Continuous Exhaled Breath Condensate pH in Mechanically Ventilated Patients

The recruitment status of this study is unknown because the information has not been verified recently.
Verified August 2008 by University of Virginia.
Recruitment status was  Recruiting
Information provided by:
University of Virginia Identifier:
First received: January 30, 2007
Last updated: August 6, 2008
Last verified: August 2008

Given the possible prognostic relationship between exhaled breath condensate pH and clinical symptoms, it is quite plausible that exhaled breath condensate pH can prove useful in the intensive care unit. For example, if exhaled breath condensate pH falls prior to the onset of clinical symptoms, it is likely that it can be useful as an early marker, heralding the onset of various inflammatory lung diseases. Specifically, exhaled breath condensate pH could be used as a safe, non-invasive screening tool for Ventilator Associated Pneumonia. Similarly, just as changes in exhaled breath condensate pH might predict the onset of disease, exhaled breath condensate pH changes might also mark the progression or resolution of disease (e.g. alerting clinicians to possible readiness for extubation). Although such notions are hypothetical, they are beginning to be supported by anecdotal evidence.

Condition Phase
Respiratory Distress Syndrome, Adult
Respiratory Syncytial Virus Infections
Acute Lung Injury
Phase 2

Study Type: Observational
Official Title: Phase 2 Continuous Exhaled Breath Condensate pH in Mechanically Ventilated Patients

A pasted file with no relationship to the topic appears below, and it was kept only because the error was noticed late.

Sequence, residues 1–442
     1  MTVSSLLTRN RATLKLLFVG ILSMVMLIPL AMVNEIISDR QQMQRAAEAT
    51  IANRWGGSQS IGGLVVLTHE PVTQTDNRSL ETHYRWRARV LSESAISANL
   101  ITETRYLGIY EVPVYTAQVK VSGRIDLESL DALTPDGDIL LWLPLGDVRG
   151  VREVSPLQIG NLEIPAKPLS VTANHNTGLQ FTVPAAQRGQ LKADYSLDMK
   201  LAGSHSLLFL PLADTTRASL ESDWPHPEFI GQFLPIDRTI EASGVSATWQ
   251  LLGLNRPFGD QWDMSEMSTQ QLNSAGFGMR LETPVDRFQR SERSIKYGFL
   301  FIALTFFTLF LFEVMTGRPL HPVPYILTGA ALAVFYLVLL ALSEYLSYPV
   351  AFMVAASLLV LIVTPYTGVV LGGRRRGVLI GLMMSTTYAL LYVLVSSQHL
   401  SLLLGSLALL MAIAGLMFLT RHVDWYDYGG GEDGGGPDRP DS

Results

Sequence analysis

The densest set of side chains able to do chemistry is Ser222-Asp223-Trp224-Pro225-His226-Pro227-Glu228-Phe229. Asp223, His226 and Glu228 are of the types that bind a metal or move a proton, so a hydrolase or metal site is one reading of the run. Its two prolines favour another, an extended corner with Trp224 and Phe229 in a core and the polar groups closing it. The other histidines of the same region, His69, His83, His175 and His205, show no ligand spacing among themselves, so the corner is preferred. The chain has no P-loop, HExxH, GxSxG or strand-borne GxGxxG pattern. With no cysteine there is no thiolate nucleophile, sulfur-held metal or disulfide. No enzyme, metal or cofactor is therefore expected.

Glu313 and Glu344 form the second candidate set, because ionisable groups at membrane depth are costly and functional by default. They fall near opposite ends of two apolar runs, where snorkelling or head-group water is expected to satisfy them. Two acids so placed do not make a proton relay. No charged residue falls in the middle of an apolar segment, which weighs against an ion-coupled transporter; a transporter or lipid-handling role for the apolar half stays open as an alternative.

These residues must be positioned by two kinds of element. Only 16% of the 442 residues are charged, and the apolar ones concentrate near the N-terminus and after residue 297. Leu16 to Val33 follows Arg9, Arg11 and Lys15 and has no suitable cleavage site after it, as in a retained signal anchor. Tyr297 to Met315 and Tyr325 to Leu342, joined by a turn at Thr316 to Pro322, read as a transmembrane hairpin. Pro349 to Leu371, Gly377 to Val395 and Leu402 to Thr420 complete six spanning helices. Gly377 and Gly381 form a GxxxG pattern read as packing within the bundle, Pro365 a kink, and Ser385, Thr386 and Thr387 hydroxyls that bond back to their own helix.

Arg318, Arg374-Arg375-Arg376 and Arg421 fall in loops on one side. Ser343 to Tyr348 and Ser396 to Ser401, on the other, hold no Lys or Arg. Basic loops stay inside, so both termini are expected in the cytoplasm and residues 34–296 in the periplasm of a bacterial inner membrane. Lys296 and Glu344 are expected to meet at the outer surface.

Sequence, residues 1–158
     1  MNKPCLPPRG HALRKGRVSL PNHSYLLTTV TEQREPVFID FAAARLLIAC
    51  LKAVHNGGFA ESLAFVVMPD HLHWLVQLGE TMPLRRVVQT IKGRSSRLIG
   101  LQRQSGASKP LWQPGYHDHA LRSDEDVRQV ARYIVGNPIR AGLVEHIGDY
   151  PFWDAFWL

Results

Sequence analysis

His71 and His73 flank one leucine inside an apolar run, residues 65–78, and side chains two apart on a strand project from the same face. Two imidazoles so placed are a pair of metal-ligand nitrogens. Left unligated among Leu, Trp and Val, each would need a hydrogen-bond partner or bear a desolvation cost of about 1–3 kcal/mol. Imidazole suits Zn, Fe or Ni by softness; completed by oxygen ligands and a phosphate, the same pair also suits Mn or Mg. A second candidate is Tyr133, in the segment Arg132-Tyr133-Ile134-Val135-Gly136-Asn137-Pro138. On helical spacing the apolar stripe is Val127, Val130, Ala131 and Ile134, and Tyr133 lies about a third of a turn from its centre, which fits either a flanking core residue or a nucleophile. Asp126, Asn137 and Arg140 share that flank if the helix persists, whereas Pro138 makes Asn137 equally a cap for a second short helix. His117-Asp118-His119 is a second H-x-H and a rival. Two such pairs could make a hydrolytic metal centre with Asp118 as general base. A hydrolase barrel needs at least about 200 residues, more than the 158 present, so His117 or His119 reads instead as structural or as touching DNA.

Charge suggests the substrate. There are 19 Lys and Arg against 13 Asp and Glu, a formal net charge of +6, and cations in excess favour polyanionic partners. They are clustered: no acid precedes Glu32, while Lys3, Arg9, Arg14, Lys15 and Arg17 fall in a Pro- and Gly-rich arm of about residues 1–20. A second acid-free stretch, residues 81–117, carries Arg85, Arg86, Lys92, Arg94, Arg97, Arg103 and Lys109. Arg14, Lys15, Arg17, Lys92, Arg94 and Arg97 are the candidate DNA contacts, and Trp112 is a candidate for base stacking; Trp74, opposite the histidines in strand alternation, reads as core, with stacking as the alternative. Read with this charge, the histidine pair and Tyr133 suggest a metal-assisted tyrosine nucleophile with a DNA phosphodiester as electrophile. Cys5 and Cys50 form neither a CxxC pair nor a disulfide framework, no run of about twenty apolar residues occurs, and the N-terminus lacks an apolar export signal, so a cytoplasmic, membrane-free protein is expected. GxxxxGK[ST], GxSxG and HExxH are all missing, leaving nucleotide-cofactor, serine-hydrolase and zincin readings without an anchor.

Resource links provided by NLM:

Further study details as provided by University of Virginia:

Estimated Enrollment: 120
Study Start Date: December 2004
Estimated Study Completion Date: January 2009
  Show Detailed Description


Genders Eligible for Study:   Both
Accepts Healthy Volunteers:   No

Inclusion Criteria:

  • Any intubated patients, aged birth to adulthood, who are on a ventilator in any University of Virginia (UVA) intensive care unit.

Exclusion Criteria:

  • Control subjects may not be taking oral or inhaled steroids or have asthma, chronic obstructive pulmonary disease (COPD), cystic fibrosis, bacterial or viral pneumonitis, or adult respiratory distress syndrome (ARDS).
  Contacts and Locations
Choosing to participate in a study is an important personal decision. Talk with your doctor and family members or friends about deciding to join a study. To learn more about this study, you or your doctor may contact the study research staff using the Contacts provided below. For general information, see Learn About Clinical Studies.

Please refer to this study by its identifier: NCT00429637

Contact: Brian K Walsh, BS, RRT 434-243-9324
Contact: John F Hunt, MD 434-243-9324

United States, Virginia
University of Virginia Recruiting
Charlottesville, Virginia, United States, 22908
Contact: Brian K Walsh, BS, RRT    434-243-9324   
Contact: John F Hunt, MD    434-243-9324   
Sponsors and Collaborators
University of Virginia
Principal Investigator: John F Hunt, MD University of Virginia
  More Information

No publications provided Identifier: NCT00429637     History of Changes
Other Study ID Numbers: 11618
Study First Received: January 30, 2007
Last Updated: August 6, 2008
Health Authority: United States: Institutional Review Board

Keywords provided by University of Virginia:
Airway acidification
Airway reconstruction

Additional relevant MeSH terms:
Respiratory Syncytial Virus Infections
Acute Lung Injury
Lung Injury
Respiratory Distress Syndrome, Adult
Respiratory Distress Syndrome, Newborn
Virus Diseases
Infant, Newborn, Diseases
Infant, Premature, Diseases
Lung Diseases
Mononegavirales Infections
Paramyxoviridae Infections
Pneumovirus Infections
RNA Virus Infections
Respiration Disorders
Respiratory Tract Diseases
Thoracic Injuries
Wounds and Injuries processed this record on October 02, 2015